Don’t worry if you can only manage to do a few exercises in a row when starting out – this is a common problem with weak pelvic floor muscles. Try to increase your repeated exercises up to 8-12 in a row using your strongest possible pelvic floor contraction as you strengthen over time.

Tip 4. Reduce Your Rests Rest

When starting out you may need long rests between your pelvic floor exercises i.e. 45 seconds and even longer.

Reducing your resting time challenges your pelvic floor muscles making them work harder.

As your strength increases reduce the rest time between each pelvic floor exercise you repeat. You may find that over time you only need 5-10 seconds recovery time before your next exercise.

Tip 5. Resist Everyday Forces

Everyday forces on your pelvic floor include the force when you cough, sneeze, blow your nose or lift something heavy. These forces create pressure downwards on your pelvic floor.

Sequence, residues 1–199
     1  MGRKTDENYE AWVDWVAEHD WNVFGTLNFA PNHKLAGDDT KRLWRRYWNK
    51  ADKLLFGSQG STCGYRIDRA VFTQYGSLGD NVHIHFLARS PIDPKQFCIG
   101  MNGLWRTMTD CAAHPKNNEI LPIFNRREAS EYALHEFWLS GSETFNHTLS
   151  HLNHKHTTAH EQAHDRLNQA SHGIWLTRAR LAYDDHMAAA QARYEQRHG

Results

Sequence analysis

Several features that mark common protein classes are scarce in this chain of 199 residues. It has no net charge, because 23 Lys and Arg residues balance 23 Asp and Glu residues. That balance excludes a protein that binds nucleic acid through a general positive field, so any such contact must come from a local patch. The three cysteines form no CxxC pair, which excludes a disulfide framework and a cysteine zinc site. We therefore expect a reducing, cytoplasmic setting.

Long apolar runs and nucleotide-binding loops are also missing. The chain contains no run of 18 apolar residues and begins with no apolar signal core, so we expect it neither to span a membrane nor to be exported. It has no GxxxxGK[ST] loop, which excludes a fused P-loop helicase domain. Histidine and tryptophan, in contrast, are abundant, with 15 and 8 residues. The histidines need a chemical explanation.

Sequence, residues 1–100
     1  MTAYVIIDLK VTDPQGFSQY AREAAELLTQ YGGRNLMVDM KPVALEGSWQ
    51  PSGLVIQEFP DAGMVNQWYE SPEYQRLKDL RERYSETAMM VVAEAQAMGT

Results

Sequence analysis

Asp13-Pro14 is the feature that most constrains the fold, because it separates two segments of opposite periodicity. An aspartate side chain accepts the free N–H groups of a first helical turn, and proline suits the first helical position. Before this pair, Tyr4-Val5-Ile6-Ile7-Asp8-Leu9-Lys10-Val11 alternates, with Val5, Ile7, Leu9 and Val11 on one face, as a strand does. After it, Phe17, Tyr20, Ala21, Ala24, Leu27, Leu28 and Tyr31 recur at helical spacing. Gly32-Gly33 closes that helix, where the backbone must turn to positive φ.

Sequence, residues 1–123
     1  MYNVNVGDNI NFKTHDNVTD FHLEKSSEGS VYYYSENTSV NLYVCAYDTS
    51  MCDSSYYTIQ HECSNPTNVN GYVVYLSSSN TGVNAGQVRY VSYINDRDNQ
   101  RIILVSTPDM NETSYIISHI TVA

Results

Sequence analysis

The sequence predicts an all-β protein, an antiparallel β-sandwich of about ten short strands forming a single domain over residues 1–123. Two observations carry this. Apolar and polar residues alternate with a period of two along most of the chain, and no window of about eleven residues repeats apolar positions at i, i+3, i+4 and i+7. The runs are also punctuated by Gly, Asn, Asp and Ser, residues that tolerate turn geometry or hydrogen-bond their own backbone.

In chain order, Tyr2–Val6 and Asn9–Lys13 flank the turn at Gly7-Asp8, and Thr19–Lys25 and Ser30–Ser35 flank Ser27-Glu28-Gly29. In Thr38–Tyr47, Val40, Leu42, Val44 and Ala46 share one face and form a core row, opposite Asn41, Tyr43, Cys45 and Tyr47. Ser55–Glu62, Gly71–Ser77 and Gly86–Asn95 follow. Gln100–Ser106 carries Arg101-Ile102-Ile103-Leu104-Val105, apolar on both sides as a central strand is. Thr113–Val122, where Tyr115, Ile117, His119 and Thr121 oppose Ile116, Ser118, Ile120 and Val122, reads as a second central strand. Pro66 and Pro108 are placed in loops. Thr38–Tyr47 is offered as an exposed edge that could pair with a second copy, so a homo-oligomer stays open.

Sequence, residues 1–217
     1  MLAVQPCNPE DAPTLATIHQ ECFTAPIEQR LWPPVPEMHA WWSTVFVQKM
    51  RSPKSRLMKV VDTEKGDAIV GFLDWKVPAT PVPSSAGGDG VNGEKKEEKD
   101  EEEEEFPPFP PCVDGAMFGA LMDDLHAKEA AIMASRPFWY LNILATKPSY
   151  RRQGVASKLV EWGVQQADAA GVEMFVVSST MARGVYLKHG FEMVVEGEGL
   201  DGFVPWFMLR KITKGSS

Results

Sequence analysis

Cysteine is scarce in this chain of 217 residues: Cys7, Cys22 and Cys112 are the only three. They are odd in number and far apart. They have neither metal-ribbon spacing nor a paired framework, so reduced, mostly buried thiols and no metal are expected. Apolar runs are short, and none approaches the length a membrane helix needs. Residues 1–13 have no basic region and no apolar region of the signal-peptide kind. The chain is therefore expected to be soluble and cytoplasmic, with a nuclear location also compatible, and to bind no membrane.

Your challenge is to lift your pelvic floor muscles against these downward forces. In doing so, you’ll make your pelvic floor stronger and better at working for you in your everyday life. 

For example, next time you need to cough prepare by squeezing and lifting your pelvic floor muscles in preparation and try to keep them lifted up against the downward force of your cough. This technique is called ‘The Knack’ (shown right).

You may find that at first you can activate your pelvic floor against the force of a small cough. Progress this to resisting more forceful coughing as your pelvic floor gets stronger.

Key Points To Progress Pelvic Floor Exercises

Progressively increasing the challenge to your pelvic floor muscles to make them work harder is the key to getting the best strengthening effect from your pelvic floor exercises.

Maximize the effect of your pelvic floor exercises by:

  • Progressing to upright standing exercises
  • Using your strongest possible effort
  • Doing 8-12 repeated pelvic floor exercises, 3 times/day
  • Decreasing the time you spend resting to recover between exercises
  • Using your pelvic floor muscles to withstand everyday forces.


with Pelvic Floor Physiotherapist
Michelle Kenway

Learn how to feel your pelvic floor exercises and progressively strengthen your pelvic floor muscles with this unique audio pelvic floor strength training CD or audio download.